4 UALR L. J. 1 (1981)
Lawyer Competence and the Law Schools

handle is hein.journals/ualr4 and id is 9 raw text is: UNIVERSITY OF ARKANSAS AT LITTLE ROCK
LAW JOURNAL
VOLUME 4           1981           NUMBER 1

LAWYER COMPETENCE AND THE LAW SCHOOLS*
Roger C Cramton * *
Chief Justice Burger and other prominent jurists have spoken
in recent years about a serious problem of lawyer competency.
The Chief Justice was widely quoted as stating that as many as fifty
percent of trial lawyers in federal district courts were incompe-
tent;' and later he observed that if the same standards of quality
were applied to recent law graduates as are applied to automobiles,
the rate of recall would be very high.2
Implicit, if not explicit, in these statements is an argument
along the following lines: First, inadequate performance by lawyers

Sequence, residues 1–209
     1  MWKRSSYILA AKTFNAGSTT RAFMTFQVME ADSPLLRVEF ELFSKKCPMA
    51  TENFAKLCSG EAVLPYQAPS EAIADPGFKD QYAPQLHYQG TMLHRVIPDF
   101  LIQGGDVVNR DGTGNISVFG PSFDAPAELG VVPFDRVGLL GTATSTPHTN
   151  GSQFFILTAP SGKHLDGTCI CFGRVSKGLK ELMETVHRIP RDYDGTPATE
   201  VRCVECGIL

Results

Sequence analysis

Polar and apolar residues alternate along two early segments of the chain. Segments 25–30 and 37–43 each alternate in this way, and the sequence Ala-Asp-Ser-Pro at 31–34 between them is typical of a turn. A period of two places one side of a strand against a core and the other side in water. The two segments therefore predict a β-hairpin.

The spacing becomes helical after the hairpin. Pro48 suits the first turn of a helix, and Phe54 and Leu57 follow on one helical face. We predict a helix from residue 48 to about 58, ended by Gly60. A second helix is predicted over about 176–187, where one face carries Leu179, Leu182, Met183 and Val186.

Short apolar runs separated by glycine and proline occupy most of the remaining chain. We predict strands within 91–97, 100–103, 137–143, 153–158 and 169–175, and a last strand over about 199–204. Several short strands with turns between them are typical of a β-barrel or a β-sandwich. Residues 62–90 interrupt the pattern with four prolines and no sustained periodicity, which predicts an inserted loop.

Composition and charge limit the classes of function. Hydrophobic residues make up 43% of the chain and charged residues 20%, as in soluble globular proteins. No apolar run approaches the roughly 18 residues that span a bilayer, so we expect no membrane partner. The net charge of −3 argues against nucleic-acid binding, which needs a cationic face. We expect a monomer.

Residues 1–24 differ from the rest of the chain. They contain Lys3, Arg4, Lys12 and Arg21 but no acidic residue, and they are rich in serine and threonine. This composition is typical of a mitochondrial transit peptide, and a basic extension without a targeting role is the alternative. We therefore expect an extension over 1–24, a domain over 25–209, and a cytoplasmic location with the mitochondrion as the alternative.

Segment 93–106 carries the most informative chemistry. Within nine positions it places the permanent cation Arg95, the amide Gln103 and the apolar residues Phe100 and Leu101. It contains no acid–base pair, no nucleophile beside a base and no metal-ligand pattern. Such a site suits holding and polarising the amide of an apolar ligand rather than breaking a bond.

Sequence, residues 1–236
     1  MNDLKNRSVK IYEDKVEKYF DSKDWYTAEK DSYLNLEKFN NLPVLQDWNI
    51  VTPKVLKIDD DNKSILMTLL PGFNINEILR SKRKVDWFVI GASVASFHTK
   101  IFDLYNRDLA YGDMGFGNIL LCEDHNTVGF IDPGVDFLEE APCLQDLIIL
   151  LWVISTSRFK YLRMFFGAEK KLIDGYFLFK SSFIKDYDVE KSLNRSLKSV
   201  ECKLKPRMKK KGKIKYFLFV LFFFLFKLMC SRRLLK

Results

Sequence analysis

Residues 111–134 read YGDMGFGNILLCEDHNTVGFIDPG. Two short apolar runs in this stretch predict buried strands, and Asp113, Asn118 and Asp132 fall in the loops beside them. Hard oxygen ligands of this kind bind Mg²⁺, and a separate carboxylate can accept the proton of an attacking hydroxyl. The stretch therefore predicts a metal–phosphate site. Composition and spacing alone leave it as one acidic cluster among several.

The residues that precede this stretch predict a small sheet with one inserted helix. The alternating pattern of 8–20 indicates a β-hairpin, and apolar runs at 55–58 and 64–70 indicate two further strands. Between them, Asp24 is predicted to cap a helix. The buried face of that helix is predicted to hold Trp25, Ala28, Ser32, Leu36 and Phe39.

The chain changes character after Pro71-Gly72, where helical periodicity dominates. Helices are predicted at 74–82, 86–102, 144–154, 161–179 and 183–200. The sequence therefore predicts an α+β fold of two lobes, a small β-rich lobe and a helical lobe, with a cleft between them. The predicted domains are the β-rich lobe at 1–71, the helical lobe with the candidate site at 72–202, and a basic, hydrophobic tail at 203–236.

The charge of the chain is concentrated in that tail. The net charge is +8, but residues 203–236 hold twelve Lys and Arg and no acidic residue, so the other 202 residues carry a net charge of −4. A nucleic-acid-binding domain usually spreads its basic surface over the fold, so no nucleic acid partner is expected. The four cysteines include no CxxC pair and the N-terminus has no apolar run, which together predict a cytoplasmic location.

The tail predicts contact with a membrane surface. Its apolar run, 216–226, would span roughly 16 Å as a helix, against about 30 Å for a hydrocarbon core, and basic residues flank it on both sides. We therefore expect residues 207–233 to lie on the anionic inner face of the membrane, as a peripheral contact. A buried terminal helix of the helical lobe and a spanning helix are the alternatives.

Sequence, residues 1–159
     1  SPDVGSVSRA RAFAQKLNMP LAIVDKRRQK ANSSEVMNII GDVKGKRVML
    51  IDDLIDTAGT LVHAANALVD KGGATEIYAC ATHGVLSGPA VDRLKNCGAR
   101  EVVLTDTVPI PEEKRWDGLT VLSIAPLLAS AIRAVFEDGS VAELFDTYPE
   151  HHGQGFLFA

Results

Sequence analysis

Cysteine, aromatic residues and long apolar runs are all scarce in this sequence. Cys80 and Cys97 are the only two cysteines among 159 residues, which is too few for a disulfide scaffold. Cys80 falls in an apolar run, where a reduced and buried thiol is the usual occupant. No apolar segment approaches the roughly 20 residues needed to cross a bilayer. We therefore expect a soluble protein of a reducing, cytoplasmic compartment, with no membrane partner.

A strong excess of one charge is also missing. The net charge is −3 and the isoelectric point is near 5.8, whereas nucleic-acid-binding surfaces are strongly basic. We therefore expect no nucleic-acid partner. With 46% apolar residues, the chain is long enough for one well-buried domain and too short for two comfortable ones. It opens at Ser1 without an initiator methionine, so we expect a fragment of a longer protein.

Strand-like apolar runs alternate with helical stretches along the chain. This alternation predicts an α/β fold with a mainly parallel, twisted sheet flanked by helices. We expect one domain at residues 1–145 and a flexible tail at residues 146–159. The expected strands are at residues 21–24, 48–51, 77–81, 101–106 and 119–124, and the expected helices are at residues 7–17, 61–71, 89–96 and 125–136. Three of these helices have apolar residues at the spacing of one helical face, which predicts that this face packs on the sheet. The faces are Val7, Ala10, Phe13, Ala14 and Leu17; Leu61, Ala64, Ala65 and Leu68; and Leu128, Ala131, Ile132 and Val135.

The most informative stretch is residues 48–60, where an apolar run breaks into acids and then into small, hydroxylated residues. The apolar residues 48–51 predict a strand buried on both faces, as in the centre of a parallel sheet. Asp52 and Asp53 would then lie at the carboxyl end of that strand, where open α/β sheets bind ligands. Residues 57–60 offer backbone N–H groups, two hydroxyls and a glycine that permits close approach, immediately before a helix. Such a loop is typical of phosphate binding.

is a major weakness in the administration of justice in the United
* This article draws on several experiences of the past few years, especially my service
as chairman of the American Bar Association Task Force on Lawyer Competency: The
Role of the Law Schools. I have drawn on the Report of the Task Force in preparing this
lecture. I have also drawn on a paper prepared for the October 1979 national conference on
legal education held at Key Biscayne, Florida, under the auspices of the Council on Legal
Education for Professional Responsibility. Some of the same material is also included in an
earlier article, The Law Schools and Lawyer Competence, 51 N.Y.S.B.J. 543 (1979).
This article was the basis for the Altheimer Lecture at the University of Arkansas at
Little Rock in April 1980. The Altheimer series, funded by The Ben J. Altheimer
Foundation, brings legal scholars of national reputation to the UALR School of Law.
** Roger C. Cramton, Professor at the Comell Law School and Visiting Professor at
the Duke University Law School (1980-1981).
1. See, e.g., Burger, The Special Skills ofAdvocacy. Are Specialized Training and Certi-
fication ofAdvocates Essential to Our System of Justice?, 42 FORDHAM L. REV. 227, 234
(1973).
2. See Address by Chief Justice Burger, American Bar Association Annual Meeting
New York City (Aug. 9, 1978).

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